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As Virginia moves to expand DNA collection, privacy concerns critics

RICHMOND, Va. -- The Virginia Senate Courts of Justice Committee voted 13-2 Monday to expand the use of Virginia's DNA database to include collecting DNA from offenders who commit certain misdemeanor, as well as felony, crimes.

Chairman Senator Mark Obenshain (R - HARRISONBURG) introduced the bill. He said collecting DNA from people convicted of certain misdemeanors — could help prevent those people from committing even more heinous crimes in the future.

Currently, DNA is only collected from convicted felons. But the proposed law would make it so anytime someone committed misdemeanors, like assault and battery or trespassing, their DNA would also be collected.

After the vote, John and Susan Graham, parents of slain University of Virginia student Hannah Graham, said they believed their daughter's death could have been prevented had her killer's DNA already been in the system.

Susan Graham explained to the voting members of the Senate that Jesse Matthew had already committed multiple crimes before he abducted and murdered Hannah.

"This proposal will hold perps accountable," she said. "It will protect young women from sexual assault and rape, and it will save lives."

Supporters of the bill believed Matthew would have been identified and arrested long before meeting Hannah Graham, had his DNA been in the database.

"He wouldn't have been in Charlottesville hiding in plain site, working at a hospital, coaching football and preying young women of Virginia," Susan Graham added..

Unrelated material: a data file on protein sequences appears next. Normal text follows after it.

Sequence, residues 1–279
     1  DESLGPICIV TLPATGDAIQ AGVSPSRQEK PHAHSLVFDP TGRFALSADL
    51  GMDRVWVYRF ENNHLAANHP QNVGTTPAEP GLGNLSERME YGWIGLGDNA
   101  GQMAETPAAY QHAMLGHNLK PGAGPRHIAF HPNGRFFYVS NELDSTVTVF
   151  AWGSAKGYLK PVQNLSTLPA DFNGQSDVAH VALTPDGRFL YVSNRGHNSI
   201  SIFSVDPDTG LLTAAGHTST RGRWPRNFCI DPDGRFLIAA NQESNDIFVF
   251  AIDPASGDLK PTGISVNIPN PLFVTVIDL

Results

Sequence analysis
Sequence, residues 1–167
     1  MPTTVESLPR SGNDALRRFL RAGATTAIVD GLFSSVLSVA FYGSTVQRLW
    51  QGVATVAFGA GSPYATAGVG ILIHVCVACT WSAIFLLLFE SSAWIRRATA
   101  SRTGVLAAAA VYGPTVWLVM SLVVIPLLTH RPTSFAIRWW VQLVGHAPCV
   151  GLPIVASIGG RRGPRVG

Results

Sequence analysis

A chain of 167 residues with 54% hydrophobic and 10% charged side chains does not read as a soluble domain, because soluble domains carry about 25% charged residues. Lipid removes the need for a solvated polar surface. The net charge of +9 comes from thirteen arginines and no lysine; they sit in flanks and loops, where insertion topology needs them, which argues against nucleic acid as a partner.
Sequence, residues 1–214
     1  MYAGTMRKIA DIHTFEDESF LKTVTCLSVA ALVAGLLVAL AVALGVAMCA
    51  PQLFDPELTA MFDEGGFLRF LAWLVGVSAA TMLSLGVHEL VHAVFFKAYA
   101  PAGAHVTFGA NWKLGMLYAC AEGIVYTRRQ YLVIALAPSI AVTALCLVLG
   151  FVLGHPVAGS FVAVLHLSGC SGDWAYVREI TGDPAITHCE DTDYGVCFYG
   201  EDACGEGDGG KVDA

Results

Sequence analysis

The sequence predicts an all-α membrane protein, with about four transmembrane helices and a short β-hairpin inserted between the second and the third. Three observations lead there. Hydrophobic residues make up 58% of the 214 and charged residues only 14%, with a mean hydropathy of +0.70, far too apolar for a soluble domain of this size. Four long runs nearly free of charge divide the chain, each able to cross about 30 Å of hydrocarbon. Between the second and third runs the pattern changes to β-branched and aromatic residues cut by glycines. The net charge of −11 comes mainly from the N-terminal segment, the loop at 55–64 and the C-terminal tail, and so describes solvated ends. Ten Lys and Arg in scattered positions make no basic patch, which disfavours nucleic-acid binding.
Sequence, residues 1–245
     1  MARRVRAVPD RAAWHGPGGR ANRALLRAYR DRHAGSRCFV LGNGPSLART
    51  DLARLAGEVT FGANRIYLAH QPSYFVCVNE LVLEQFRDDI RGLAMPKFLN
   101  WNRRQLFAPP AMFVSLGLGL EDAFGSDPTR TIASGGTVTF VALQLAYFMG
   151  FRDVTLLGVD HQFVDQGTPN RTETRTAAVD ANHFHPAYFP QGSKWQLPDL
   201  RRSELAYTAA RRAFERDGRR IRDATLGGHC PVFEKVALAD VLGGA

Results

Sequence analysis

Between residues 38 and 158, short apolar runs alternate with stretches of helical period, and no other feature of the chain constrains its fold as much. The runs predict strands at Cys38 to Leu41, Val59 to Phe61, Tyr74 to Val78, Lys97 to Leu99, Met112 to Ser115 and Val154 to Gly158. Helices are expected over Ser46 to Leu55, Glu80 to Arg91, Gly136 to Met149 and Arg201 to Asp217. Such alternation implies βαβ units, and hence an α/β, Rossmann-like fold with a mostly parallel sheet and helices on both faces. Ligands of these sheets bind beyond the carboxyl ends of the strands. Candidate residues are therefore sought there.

Albermarle County Sheriff Chip Harding testified that data that has been collected in places like New York, where this process has been used, was undeniable.

"If you’ll pass this, if one of you go back two or three years from now and say 'show me what that did for us,' I think you’re going to be astounded,” Harding testified.

Prior to the vote, research was presented that showed 70 percent  of Virginia's first-time felons have committed misdemeanors. Those pushing for the bill said getting DNA in the system, once a misdemeanor was committed, would not only help with the conviction rate, but also the crime prevention rate.

However, not everyone in the room testified in favor of DNA database expansion.

"It may be easy to get DNA from the inside of your cheek, but it is the most private and intimate information about who you are and we should not be putting that in a database,” a member of the ACLU expressed during the hearing.

But in the end, the committee voted to move forward with passing the bill.

"Please don’t let what happened to my beautiful Hannah, happen to another women in Virginia, " Susan Graham said as she took her seat.

The bill now moves ahead for another vote.